- SEATTLE. “Solving Seattle’s Energy Puzzle.” http://ecmweb.com/site-files/ecmweb.com/files/uploads/2014/01/seattletrackingpaint.jpg (Accessed: February 24, 2016)
- US DEPARTMENT OF ENERGY. (2015). Energy Department Recognizes Denver Area Partners for Housing and Building Efficiency, (Press release) retrieved from: http://betterbuildingssolutioncenter.energy.gov/sites/default/files/news/attachments/Better%20Buildings%20Challenge%20-%20Denver%20Area%20Press%20Release%20-%20final.pdf
- WORLD BUSINESS CHICAGO. “Tall Buildings We Really Look Up To.” http://siteselector.worldbusinesschicago.com/news/some-of-chicagos-tall-buildings-we-really-look-up-to (Accessed: February 24, 2016)
Download at: http://www.imt.org/uploads/resources/files/IMTBenefitsofBenchmarking_Online_June2015.pdf
Check out CBECs or https://www.eia.gov/consumption/commercial/data/2012/index.cfm?view=consumption or the DOEs Building Performance Database - https://bpd.lbl.gov/#explore
For example, see Chicago’s “Tall Buildings We Really Look Up To”: http://siteselector.worldbusinesschicago.com/news/some-of-chicagos-tall-buildings-we-really-look-up-to
For example, see the Los Angeles County “Energy Upgrade California Marketing and Communications Plan” http://energy.gov/sites/prod/files/2014/01/f6/la_county_communications_plan_v7.pdf
For example, see Houston’s Green Office Challenge website: http://www.greenpsf.com/go/community/index/houston or Envision Charlotte’s Website: http://www.envisioncharlotte.com
Such as utility-sponsored programs or Property-Assessed Clean Energy (PACE) programs that could help owners implement energy efficiency programs.
For example, Atlanta Better Buildings Challenge Press Release: http://atlantabbc.com/wp-content/uploads/2011/10/Atlanta-Better-Buildings-Challenge-Press-Release.pdf
Such as Seattle’s “Solving Seattle’s Energy Puzzle” http://ecmweb.com/site-files/ecmweb.com/files/uploads/2014/01/seattletrackingpaint.jpg
For example the case studies done my Montgomery County Maryland: https://mygreenmontgomery.org/2015/benchmarked-case-study-jbg-companies/
Such as the ENERGY STAR “Benchmarking to Save Energy” Brochure: https://www.energystar.gov/sites/default/files/singlesite_uploads/buildings/tools/Benchmarking_to_Save_Energy.pdf
For example, Envision Charlotte's http://www.envisioncharlotte.com/news/newsletter/
For example, Atlanta’s Better Buildings Challenge http://atlantabbc.com/wp-content/uploads/2011/10/Atlanta-Better-Buildings-Challenge-Fact-Sheet-11-28.pdf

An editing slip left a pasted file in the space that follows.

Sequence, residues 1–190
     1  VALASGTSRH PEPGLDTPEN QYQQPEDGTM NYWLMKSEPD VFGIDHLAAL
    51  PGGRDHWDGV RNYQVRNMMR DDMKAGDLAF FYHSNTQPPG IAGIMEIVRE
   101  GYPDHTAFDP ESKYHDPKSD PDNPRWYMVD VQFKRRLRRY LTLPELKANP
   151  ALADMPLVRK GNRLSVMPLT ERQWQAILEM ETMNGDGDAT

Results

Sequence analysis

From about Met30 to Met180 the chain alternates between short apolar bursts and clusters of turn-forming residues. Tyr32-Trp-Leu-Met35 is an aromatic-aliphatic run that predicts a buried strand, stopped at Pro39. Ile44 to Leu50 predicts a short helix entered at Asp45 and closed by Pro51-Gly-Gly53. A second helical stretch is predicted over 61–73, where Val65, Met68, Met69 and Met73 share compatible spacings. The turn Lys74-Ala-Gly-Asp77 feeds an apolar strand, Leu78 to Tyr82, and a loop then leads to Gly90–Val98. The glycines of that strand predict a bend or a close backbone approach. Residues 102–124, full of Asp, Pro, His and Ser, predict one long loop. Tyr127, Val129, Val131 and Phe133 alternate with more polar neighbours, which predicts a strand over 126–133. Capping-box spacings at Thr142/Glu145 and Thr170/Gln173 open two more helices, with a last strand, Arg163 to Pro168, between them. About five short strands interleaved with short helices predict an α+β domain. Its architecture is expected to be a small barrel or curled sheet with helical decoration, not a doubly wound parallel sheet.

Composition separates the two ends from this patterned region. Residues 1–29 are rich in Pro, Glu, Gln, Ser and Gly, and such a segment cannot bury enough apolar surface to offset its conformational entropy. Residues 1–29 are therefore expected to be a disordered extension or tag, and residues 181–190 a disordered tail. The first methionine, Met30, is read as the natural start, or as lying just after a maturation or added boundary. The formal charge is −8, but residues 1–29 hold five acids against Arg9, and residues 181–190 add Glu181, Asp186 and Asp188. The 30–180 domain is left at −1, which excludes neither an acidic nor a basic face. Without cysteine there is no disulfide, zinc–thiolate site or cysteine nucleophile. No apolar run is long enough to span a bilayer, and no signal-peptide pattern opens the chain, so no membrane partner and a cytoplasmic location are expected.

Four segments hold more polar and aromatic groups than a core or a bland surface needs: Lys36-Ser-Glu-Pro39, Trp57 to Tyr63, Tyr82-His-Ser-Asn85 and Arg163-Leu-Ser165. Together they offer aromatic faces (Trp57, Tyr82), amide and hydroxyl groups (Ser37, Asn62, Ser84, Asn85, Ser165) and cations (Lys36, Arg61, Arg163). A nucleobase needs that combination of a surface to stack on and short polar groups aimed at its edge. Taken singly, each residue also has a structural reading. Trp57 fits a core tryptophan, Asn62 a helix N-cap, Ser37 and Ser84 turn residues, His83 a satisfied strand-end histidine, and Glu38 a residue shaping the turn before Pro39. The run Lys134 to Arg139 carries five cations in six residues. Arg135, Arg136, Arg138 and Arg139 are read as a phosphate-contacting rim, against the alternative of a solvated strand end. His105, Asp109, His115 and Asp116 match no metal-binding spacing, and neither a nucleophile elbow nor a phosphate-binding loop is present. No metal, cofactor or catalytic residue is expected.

Such as the California Energy Commission “What is Your Home Energy Rating” http://www.energy.ca.gov/2009publications/CEC-400-2009-008/CEC-400-2009-008-BR-REV1.pdf
For example: http://resultsmatterradio.businessradiox.com/2012/04/10/atlanta-environmental-sustainability/
Such as Broadcast Atlanta's Better Buildings Challenge video : http://atlantabbc.com/media/
See IMT’s Benchmarking Help Center Guide: http://www.imt.org/uploads/resources/files/IMT_Benchmarking_HelpCenter_2012_final_0113.pdf
For example the St. Louis High Performance Buildings blog: http://stlhighperformbldg.org/blog/
For example: Muskegon, Michigan's http://www.greenmichigan.org/events/energy-bench-marking-workshop-muskegon/
For example, Chicago and Atlanta do some programming for building owners and other programming for the building engineers. The different parties will have different motivators and find value in different information.
For example: Atlanta http://atlantabbc.com/wp-content/uploads/2014/03/ABBC-2013-Annual-Report.pdf
For example, Denver: http://betterbuildingssolutioncenter.energy.gov/sites/default/files/news/attachments/Better%20Buildings%20Challenge%20-%20Denver%20Area%20Press%20Release%20-%20final.pdf
For example the case studies done by Montgomery County Maryland: https://mygreenmontgomery.org/2015/benchmarked-a-case-study-from-brookfield-office-properties/ or the St. Louis High Performance Building Initiative Success Stories: http://stlhighperformbldg.org/success-stories/
Internal Stakeholder Identification Worksheet
Mayor’s Office –Leadership
Department Heads or Delegates
Public Works / Municipal Utilities for bill data
Property Assessor for property data
Legal to provide support when legal questions come up about data access and data sharing
Help with development of marketing collateral, press releases and social media.
Head of implementing department
If separate from the developing department. Helpful if, for example, the Office of Sustainability is developing the policy but is not an institutionalized department. If the program in implemented in a department that has been institutionalized, it is more likely to maintain operations regardless of administration.